That said, it’s not a new idea – flash back to Christmas 1993 and a near-identical concept was used, although the cheese factor is ratcheted up by a factor of 10. There are no Christmas jumpers in sight, the producers of this magnum opus preferring the Birds of a Feather women in glittery dresses. Look out for a cameo from Andi Peters, which – despite its blink-and-you’ll-miss-it nature – was the source of much good-natured ribbing on Live & Kicking.

Warning: contains Jim Davidson.

Note the heavy presence of Bruce Forsyth in both trailers. There is simply no stopping the man.

9th October 2011

Posted by at 5.19pm | In the News | No responses

I love the BBC. It’s not perfect by any means and there are loads of things I would do differently if I was in charge (one day, maybe), but that doesn’t change the fact that is by far the finest broadcasting and newsgathering organisation in the world and is absolutely a great British institution.

It breaks my heart, therefore, to read of the cuts that are being forced upon it. The Tories may see this as cutting a bloated monopoly down to size, but a weakened BBC (and, by extension, a strengthened Sky) will be bad for the culture of the country.

Predictably there has been a huge outcry on Twitter and elsewhere, with most people unhappy that the thing they like is disappearing, while a thing they hate will continue. I’m not going to go down that road: I can’t stand Chris Moyles, Top Gear or Strictly Come Dancing, but I’m not going to declare them a waste of licence payers’ money, because I know there are other people who would happily axe my favourite things: Miranda, QI and The Apprentice.

It’s especially sad to see BBC local radio hit so hard by the cuts. Radio Merseyside isn’t my cup of tea (it isn’t even my glass of water) but there’s no doubting that it reaches and – more importantly – connects with a huge audience on a daily basis. If genuinely useful services like that are being reduced, is there any point in the BBC at all?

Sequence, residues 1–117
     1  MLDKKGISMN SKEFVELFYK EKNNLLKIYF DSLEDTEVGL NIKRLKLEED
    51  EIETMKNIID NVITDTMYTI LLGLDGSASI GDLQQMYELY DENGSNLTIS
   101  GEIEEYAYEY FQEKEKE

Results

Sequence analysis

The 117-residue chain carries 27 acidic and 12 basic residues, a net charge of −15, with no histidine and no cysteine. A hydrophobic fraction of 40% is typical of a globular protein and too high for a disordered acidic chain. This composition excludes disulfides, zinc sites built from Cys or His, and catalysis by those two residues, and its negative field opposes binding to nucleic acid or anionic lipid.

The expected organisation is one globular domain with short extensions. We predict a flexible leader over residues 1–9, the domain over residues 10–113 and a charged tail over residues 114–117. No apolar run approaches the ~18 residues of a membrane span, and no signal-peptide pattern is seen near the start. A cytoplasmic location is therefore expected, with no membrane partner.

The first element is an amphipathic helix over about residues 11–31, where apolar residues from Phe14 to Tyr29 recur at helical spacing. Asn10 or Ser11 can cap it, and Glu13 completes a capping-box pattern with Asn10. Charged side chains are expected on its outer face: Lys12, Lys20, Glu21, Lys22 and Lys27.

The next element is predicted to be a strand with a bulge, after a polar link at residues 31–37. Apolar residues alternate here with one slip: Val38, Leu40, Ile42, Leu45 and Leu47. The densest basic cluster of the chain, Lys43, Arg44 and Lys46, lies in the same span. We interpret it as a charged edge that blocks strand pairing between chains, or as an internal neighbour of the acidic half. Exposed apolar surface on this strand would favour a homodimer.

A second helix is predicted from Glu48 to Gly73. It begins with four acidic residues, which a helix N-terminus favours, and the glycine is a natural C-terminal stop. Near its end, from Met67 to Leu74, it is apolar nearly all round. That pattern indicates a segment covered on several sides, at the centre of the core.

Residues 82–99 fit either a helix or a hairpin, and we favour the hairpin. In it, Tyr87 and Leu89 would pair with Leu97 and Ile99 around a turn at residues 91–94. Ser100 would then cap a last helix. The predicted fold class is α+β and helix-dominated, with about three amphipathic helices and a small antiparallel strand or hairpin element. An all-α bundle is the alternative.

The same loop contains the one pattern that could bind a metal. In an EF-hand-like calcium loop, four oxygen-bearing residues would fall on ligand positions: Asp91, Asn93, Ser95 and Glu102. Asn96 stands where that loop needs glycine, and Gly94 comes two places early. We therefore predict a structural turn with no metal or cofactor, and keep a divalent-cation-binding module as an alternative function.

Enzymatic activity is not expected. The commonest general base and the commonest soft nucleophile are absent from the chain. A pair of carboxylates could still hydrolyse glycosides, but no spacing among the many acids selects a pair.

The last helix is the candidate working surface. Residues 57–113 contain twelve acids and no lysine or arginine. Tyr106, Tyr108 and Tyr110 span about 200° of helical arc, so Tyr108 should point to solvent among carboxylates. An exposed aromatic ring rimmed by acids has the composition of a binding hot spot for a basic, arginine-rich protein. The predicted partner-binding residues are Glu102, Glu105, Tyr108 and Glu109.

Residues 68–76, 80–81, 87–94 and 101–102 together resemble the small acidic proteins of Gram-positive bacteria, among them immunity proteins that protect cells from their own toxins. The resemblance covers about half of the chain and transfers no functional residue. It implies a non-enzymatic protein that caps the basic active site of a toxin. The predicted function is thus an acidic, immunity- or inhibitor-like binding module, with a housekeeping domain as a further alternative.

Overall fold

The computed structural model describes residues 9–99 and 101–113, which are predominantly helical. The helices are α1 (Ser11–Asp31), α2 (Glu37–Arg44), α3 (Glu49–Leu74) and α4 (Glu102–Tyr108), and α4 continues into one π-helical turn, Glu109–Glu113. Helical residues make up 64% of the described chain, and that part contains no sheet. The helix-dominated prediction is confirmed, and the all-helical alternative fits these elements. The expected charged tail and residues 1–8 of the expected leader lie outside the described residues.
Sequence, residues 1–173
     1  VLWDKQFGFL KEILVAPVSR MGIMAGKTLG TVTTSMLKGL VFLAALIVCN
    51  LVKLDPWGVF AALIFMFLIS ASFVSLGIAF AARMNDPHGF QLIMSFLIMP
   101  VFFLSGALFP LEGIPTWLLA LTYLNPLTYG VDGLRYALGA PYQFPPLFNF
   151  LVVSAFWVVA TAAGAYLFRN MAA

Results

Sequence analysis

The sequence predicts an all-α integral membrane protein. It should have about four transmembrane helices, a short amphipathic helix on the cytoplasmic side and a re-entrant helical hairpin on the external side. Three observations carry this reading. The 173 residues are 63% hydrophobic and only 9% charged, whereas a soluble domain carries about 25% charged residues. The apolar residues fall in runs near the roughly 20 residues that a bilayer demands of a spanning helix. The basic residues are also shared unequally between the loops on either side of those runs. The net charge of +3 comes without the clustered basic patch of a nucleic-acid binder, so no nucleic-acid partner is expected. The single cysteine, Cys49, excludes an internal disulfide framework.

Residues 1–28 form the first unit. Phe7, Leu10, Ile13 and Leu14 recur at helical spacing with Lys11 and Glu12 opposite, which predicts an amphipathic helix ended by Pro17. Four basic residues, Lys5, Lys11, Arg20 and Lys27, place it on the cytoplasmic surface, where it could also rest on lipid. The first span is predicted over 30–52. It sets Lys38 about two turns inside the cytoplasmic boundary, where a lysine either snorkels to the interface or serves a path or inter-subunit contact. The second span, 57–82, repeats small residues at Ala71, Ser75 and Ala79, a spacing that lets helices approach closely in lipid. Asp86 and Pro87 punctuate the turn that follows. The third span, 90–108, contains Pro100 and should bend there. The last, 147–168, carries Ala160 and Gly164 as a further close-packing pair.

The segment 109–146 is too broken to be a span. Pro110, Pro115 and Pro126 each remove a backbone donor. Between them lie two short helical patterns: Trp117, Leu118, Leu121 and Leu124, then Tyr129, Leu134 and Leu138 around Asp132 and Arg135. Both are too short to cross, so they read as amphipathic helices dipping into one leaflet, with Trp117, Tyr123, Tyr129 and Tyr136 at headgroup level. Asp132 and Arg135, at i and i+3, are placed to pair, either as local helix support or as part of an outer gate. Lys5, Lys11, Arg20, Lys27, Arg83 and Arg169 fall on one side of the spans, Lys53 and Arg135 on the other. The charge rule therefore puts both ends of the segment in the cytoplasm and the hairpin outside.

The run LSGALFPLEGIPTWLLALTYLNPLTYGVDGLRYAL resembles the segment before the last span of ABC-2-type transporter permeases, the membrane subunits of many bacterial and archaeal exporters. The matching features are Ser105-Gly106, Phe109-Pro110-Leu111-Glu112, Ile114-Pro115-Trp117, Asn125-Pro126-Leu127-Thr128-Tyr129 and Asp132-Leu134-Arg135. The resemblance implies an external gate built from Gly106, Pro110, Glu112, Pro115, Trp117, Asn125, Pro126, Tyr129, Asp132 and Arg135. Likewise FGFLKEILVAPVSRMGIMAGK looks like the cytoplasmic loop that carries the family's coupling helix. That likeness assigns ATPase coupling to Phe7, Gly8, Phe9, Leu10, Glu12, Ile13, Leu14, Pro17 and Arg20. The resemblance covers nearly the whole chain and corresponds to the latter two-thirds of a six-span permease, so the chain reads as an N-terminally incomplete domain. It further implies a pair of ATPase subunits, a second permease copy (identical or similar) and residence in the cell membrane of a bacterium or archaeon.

14th July 2011

Brum Fun
Posted by at 8.38pm | Out and About | 2 responses

Ticket to Birmingham“You’re going where?”

Such was the reaction from my friends when I told them I was planning to visit Birmingham on Monday. I think I would have earned a less scornful reaction had I organised a weekend break in Basra.

Lots of people say things about Birmingham: it’s a dump, it’s ugly, the local accent is like fingernails on a blackboard. But then again, lots of people say similar things about Liverpool. I was more than prepared, therefore, to give Birmingham the benefit of the doubt; as far as I was concerned it was a place that fulfilled my three criteria for a day out: it was cheap, it was somewhere I’d never been, and I could get there easily from Liverpool South Parkway.

Regular readers will have noted that I was recently forcibly separated from my mobile phone. That was a bit of a downer, and I certainly missed the distraction of music, internet and games during the 93 minute train journey. I had to look out of the WINDOW, for heaven’s sake!

On the other hand, it was strangely liberating to not have the pressure to Tweet my whimsical observations on Britain’s second city every five minutes. I was able to relax and enjoy myself, and save my outpourings for one big enjoyable spurt.

Read the rest of this post »